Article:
November 28, 2023

Trailblazing Ph.D. graduate appreciates personal growth at Wayne State

Zhuqing Liang headshot
Zhuqing Liang

When your list of personal achievements in your field of study is off the charts — perhaps even historic — it can be difficult to identify what makes you the most proud.

That was the challenge facing Zhuqing Liang, a biological sciences Ph.D. graduate from the College of Liberal Arts and Sciences, when asked which personal achievement from her Wayne State University career she would tout above all others.

The options seemed obvious, as Liang had received high praise from Miriam Greenberg, Ph.D., head of the Greenberg Lab, which is focused on genetic, molecular and cellular biology. Liang, who will walk at Wayne State’s commencement ceremony on Saturday, Dec. 16, is the first student in her department to receive a prestigious American Heart Association Predoctural Fellowship, as well as the department’s first student to be elected chair of the Gordon Research Seminar.

Additionally, Liang has been named Outstanding Graduate Research Assistant by the department and is a Rumble Fellowship recipient. She successfully defended her dissertation in September and authored five published papers, with two additional manuscripts in the pipeline.

But when asked which accomplishment she is proudest of during her Wayne State educational career, Liang went a more internal route, citing a “personality change” and her “growth in independence”.

“I really grew a lot in Dr. Greenberg’s lab, especially in terms of independence. Looking back to when I first started at Wayne State, I very much relied on people’s help, often looking for specific suggestions from advisors before starting a project. Then, then there was a ‘light bulb’ moment for me, when I realized I couldn’t wait for other people to save me from a project. I needed to save myself and think about how to design my projects on my own. My change from really depending on other people to thinking and working more independently is a change I’m really proud of.”

The 32-year-old grew up in the small city of Lianyunchang, China, where she attended dental school immediately after high school and became fully certified as a dentist before attending Wayne State. During her first year of dental school, she began thinking strategically about her career path.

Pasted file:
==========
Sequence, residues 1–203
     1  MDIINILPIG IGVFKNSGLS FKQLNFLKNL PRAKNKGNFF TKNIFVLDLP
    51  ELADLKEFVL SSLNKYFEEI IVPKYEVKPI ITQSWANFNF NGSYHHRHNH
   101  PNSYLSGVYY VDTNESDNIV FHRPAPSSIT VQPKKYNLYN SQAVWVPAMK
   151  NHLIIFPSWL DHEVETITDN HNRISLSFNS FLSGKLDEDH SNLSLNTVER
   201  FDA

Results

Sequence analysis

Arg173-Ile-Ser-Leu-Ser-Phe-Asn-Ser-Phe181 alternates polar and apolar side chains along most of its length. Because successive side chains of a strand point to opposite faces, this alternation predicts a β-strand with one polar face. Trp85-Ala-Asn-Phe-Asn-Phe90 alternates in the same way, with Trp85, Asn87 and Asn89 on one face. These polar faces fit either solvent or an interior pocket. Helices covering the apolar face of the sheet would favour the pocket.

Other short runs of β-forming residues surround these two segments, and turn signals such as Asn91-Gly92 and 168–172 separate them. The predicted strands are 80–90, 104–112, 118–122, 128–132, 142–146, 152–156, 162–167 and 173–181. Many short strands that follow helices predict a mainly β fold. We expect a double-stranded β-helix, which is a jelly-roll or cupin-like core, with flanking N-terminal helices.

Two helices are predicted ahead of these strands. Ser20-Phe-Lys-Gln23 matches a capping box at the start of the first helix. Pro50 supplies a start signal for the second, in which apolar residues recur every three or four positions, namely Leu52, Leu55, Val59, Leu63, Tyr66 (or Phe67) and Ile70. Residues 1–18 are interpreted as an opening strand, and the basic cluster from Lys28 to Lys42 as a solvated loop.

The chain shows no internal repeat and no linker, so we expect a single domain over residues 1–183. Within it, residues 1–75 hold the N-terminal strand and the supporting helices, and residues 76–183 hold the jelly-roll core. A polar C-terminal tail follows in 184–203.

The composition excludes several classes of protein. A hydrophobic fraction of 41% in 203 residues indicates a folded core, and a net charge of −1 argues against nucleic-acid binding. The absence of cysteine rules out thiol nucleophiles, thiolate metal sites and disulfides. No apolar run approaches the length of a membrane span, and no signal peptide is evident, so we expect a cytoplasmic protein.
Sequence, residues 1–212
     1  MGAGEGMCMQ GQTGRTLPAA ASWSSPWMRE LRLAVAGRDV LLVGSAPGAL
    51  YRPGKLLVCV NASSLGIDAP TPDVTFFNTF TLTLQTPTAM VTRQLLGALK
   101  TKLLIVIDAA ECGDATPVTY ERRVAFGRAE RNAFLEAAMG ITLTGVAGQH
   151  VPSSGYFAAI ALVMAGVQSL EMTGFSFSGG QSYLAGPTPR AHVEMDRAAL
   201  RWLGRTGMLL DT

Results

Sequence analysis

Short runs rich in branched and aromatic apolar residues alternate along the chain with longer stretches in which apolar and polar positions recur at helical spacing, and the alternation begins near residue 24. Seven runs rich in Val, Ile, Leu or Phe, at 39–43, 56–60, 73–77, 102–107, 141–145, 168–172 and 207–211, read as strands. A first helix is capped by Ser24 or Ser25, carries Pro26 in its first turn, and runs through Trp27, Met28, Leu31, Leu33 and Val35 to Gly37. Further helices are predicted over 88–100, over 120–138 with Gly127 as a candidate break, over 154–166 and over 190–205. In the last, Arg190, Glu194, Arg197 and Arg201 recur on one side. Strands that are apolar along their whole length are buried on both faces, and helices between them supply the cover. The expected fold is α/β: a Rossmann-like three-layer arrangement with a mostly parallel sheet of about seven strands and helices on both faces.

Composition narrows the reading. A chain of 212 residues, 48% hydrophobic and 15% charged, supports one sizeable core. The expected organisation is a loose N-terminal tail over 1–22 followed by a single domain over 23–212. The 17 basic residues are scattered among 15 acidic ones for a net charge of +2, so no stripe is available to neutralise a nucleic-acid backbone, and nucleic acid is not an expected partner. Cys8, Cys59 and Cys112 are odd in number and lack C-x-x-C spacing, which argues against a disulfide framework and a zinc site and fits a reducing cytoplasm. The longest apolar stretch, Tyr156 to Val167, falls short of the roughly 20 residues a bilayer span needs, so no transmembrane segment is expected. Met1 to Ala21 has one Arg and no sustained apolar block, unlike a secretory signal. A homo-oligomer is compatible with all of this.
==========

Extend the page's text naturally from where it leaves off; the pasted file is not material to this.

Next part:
“Dental school education in China includes gives you two options when you graduate – the standard practices in a clinic or hospital, or you can choose to be a researcher. I put a lot of thought into which path I wanted to choose,” Liang said. “I shadowed in a researcher’s lab for two years. The first year, I shadowed on a part-time basis on weeknights and weekends and again after graduating from dental school year in one year before working as a full-time researcher in the lab for a year.”

It was during this experience in a genetic and molecular biology lab that Liang’s passion for research was born and she started pursuing her future career in academia.

After becoming a Warrior, Liang began her focused research on Barth syndrome, a rare and life-threatening genetic disorder that can lead to many symptoms, including cardiomyopathy, skeletal myopathy, and fatigue because of energy deficiencies. Because of this, Barth syndrome patients have a limited capacity for exercise and can experience fatigue even when performing common everyday activities.

Mariam Greenberg headshot
Miriam Greenberg

According to Greenberg, it is known which gene is mutated to cause Barth syndrome but not known why a mutation in that gene leads to those problems. Liang’s work has aimed to understand “the why” behind the issues.

“Zhuqing’s work has identified two mechanisms which link the basic deficiency of Barth syndrome to the deficiency of a particular enzyme that is very important for energy metabolism. We think that her findings will be very informative for the energy metabolism problem that leads to the fatigue, exercise intolerance and cardiomyopathy in Barth syndrome,” said Greenberg.

Even though Liang’s fondest memories pertain to her inner growth as a professional researcher despite her many external-facing accomplishments, it’s safe to say that her development has positively impacted the people around her just as much as it put her own success story into motion.

“Zhuqing is very hard working and highly motivated to do something beneficial, notably with how welcoming she is to new people in the lab and how generous she is with her time to others,” Greenberg said. “She never hesitates to help anybody along the way if they need help or advice. She does it all in the best possible way.”

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